Lessons on the China-Africa Environment | Journalist Salon


Lessons on the China-Africa Environment | Journalist Salon

On December 21, 2017, over 80 people gathered at the Beijing Bookworm for “See Africa Through Journalist’s Eyes: China-Africa Journalist Salon” hosted by GEI, featuring three Chinese journalists whom have reported from several African countries including Namibia, Congo (DRC), Mozambique, and Kenya.

Why did GEI hold this event?

Since 2014, GEI has been conducting the China-Africa Journalist Project as part of our larger China-Africa Forest Governance Learning Platform, which specifically focuses on forest governance in four African countries, namely Mozambique, Cameroon, Uganda and Congo (DRC), and also engages stakeholders from other countries.

The China-African Journalist Project aims to build relationships between and enhance the capacity of journalists to cover issues of forest governance – including illegal timber trade, export/import regulations, deforestation and other land-based investments – between China and African nations.

Over the past 3 years, we have held trainings for African journalists on reporting skills, like interviewing and data collection, as well as cultural awareness so that they can improve their coverage on Chinese investment and other issues. We have also supported 6 Chinese journalists to go to Congo (DRC), Cameroon and Mozambique to report on timber trade as well as other land-based Chinese investments.

During their presentations, Yi SHI (Sixthtone) and Shulun HUANG (Caixin Media) gave the audience a special inside look at being a Chinese reporter on timber trade issues in Congo (DRC) and Mozambique.

They shared the process of doing research and the challenge of establishing a network; the thrill and danger of going undercover; the surprising interviews and the funny conversations with cab drivers; and, most importantly, what they learned about the state of China’s OFDI in Congo, Mozambique and other countries in Africa.

The event’s extended Q&A session shared even more experiences and knowledge. The panel was comprised of Yi and Shulun as well as Yelin MO(Caixin Media) and GEI program officer, Jingwei ZHANG, both of whom have also traveled extensively throughout the African continent.

Photo Credit: GEI

Here’s a summary of what we learned!

1. How does being a Chinese journalist benefit or hinder your ability to do this reporting across Africa?

The journalists agreed that being a foreigner, on one hand, made it difficult to build a network for interviewing and gaining access to different sites, but, on the other hand, being Chinese offered them some anonymity that was useful when reporting on the Chinese shareholders. In fact, sometimes they were mistaken for buyers of illegal timber trade and allowed to experience first-hand how the illegal timber supply chain worked.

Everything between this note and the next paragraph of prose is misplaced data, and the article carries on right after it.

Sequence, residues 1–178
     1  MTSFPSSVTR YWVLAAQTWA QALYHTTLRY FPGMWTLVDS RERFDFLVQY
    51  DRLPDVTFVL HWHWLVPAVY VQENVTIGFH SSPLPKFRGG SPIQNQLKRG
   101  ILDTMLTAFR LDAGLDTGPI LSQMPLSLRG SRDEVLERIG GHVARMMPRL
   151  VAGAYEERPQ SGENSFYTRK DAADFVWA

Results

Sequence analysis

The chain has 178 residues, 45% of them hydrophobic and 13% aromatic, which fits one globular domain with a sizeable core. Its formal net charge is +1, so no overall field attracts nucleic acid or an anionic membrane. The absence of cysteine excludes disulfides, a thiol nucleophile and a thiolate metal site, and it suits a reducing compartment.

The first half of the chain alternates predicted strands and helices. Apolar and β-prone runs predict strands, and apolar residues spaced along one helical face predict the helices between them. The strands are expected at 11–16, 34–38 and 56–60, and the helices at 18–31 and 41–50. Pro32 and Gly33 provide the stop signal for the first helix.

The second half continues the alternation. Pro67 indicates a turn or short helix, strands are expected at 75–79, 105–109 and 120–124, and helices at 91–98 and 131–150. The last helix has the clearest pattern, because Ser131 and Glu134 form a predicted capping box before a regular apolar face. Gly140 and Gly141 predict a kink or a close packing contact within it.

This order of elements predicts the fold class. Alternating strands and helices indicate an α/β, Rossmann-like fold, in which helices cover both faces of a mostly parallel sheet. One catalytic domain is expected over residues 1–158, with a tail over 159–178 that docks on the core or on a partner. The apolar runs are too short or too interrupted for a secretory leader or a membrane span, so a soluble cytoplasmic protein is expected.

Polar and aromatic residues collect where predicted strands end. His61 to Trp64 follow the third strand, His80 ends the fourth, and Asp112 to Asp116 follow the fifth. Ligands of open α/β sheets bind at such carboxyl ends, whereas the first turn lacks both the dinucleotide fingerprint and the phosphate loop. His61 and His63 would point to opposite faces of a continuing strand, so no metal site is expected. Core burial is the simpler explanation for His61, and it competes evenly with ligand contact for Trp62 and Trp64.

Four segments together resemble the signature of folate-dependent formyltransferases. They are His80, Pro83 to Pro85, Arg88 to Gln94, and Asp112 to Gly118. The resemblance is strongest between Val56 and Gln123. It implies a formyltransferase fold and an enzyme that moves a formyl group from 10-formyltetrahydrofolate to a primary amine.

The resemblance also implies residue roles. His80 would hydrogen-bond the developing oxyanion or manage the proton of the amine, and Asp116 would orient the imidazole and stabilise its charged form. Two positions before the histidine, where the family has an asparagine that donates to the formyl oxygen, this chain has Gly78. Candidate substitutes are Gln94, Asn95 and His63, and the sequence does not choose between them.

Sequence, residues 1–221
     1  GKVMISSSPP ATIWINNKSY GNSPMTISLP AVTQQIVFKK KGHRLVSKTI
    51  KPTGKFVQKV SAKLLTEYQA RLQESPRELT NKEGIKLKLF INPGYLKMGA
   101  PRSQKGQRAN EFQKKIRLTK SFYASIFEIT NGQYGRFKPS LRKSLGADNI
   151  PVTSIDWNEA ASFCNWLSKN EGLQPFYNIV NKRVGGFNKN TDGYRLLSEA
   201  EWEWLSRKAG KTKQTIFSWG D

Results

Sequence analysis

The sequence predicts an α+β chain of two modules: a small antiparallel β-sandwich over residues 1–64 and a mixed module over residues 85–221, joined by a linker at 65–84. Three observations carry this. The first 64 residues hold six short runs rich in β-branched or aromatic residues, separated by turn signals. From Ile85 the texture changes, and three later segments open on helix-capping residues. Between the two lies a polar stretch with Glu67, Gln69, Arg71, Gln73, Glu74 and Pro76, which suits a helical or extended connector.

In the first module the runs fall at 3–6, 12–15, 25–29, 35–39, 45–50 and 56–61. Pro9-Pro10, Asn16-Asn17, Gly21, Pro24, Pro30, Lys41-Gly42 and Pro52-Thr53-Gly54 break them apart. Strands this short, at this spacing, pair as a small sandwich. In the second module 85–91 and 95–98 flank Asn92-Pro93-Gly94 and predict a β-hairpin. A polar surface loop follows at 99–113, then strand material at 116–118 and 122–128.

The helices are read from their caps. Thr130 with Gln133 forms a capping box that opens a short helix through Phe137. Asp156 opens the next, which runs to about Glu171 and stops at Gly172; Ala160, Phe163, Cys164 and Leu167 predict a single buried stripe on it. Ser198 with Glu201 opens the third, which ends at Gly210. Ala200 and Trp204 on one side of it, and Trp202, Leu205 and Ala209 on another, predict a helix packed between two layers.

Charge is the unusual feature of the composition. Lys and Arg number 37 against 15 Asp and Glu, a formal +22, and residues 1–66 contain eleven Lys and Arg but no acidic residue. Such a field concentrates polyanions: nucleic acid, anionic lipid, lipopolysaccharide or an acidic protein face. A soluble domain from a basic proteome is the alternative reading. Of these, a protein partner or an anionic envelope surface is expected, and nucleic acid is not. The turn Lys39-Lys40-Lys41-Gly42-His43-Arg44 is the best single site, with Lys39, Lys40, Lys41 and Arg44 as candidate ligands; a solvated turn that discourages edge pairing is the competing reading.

2. What are some general conceptions or feelings that you think various African stakeholders have of Chinese companies, media, people, etc.?

The panel definitely agreed that the opinions depended on the specific person and country. Yelin acknowledged that he was surprised to see that some Chinese companies had exclusively hired local Kenyans to work in manufacturing. Yi also mentioned that some local people are negative towards Chinese people because of the environmental issues caused by their involvement in poorly managed timber trade. Moving forward, Shulun hopes that the relationships can become increasingly positive – one way to do this, she says, is for the Chinese sent overseas to make more effort to make friends with the local people.

3. What are some steps to address the environmental issues in timber trade starting in Africa? How can NGOs be more involved?

The first step is to have more information about the current operations and then, improving the policies governing forestry management, timber operations and the export/import to China. It is understood that civil society, both local and international, is playing an increasingly important role. Jingwei explained that if Chinese NGOs can go abroad to key Chinese investment areas, they may help mediate communications and lessen conflicts and misunderstandings between Chinese companies and local communities.

4. How can media improve its coverage of this issue and of Africa in general?

The audience attending our event included many journalists. Together we all discussed how the coverage of ‘Africa in general’ need to become more precise. Specifically, the media should be mindful to avoid using ‘Africa’ in titles or headlines when the story is actually about one country within Africa. We also discussed important points like having more balanced coverage, and improving interview skills and data collection abilit

5. How can I get involved in stopping deforestation?

Deforestation is a global issue with complicated geo-political-economic motivations. In order to address the seriousness of deforestation, stakeholders across spheres – government, business, media, and the public – need to be involved.

The panelists recommend that you can help staying informed by reading credible reports (China Dialogue, Sixth Tone and Caixin are our favorites!). Also, it’s important to travel and see the the world first hand – but only buy responsibly-sourced souvenirs!


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